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Making the Links Between Diallo Case and British Cases of Police Misconduct

March 09, 2000
Story
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Civil rights activist Al Sharpton was ordered to spend 10 days in jail yesterday for obstructing traffic during a July 4 weekend highway sit-in against racial profiling practices by New Jersey state police.

Angered by the 1998 shooting of four unarmed men of color by white state troopers in New Jersey, Sharpton and other activists had sought to disrupt traffic for tens of thousands of mainly white tourists who flock to Atlantic City on summer holidays.

Sharpton has recently also led protests on the killing of unarmed Guinean immigrant Amadou Diallo by four white New York City police officers. Those protests led to over 1,000 arrests and pressured the District Attorney of the Bronx to indict the four officers. The protests continued throughout the trial in Albany, which ended in the acquittal of the four on all charges.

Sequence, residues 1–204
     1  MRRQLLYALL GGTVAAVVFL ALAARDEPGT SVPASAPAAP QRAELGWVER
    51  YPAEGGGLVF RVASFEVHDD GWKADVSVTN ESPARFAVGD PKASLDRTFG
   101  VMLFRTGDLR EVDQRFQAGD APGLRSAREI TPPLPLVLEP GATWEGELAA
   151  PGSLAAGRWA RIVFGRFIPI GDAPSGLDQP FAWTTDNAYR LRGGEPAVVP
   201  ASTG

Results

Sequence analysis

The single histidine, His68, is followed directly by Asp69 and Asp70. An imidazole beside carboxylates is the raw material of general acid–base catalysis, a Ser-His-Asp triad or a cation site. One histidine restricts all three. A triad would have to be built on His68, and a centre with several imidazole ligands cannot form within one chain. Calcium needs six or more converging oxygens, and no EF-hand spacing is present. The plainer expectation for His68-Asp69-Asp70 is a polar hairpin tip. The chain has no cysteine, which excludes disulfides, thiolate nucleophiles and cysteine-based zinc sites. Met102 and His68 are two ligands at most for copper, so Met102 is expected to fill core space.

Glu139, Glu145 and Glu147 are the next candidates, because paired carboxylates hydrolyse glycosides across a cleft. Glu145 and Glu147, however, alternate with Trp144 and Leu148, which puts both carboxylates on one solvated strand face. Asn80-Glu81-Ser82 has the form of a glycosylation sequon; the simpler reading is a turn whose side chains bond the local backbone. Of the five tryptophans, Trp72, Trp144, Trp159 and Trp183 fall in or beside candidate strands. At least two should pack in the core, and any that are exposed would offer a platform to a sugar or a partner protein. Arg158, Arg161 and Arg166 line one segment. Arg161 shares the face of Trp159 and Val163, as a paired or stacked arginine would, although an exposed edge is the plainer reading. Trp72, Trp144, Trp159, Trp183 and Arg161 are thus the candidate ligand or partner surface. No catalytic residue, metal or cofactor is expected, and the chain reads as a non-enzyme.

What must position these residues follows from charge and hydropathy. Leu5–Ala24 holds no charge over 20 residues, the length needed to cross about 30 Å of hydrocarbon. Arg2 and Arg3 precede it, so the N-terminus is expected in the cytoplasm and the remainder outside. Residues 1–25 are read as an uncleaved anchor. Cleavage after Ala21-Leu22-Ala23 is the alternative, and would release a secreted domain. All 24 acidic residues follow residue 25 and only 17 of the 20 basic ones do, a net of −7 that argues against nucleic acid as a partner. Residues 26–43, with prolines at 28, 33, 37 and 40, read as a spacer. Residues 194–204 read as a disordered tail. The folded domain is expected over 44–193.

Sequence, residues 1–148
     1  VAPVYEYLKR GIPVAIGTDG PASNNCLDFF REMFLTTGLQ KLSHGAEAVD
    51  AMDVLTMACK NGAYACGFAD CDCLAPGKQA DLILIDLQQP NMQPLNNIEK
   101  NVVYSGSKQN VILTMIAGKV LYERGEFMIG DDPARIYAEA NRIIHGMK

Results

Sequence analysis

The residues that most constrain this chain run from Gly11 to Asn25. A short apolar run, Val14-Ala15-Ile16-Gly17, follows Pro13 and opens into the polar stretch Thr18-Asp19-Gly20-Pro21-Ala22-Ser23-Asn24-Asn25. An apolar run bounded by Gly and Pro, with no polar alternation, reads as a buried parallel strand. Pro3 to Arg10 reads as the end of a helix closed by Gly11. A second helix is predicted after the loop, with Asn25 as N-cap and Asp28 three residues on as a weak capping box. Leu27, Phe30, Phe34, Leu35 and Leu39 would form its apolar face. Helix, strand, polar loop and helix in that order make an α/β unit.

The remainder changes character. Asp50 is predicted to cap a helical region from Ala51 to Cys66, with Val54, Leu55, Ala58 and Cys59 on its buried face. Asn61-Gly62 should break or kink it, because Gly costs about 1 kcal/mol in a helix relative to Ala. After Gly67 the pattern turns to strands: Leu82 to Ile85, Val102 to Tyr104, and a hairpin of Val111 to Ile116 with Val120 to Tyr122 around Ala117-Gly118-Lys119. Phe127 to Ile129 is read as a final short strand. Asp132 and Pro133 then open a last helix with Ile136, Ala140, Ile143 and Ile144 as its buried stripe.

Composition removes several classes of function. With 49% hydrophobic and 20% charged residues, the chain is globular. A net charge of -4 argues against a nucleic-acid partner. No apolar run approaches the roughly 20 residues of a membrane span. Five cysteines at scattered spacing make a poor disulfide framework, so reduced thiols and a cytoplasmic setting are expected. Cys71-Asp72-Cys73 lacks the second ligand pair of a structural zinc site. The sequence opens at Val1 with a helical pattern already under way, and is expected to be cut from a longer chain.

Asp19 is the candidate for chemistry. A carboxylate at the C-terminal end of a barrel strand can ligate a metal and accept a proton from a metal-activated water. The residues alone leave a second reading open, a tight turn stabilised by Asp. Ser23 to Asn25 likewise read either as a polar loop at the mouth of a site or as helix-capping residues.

The Diallo case continues to fuel rage around the country, as the federal government weighs whether to bring federal civil rights charges against the four white police officers who killed Diallo. And it has attracted international attention, particularly in Britain, where communities of color are struggling to end police misconduct.

In the most famous case to date in Britain, Martin Lawrence was killed in 1993 by a mob of white racists. The murder was compounded by a failed police investigation, and it became a huge public case in the country, transforming race politics and policing there. And Lawrence’s family is now reaching out to the Diallo family to discuss strategies for when the justice system fails.

Guest:

  • Matthew Reiter, attorney for the Lawrence family. Call: 212.208.0956.

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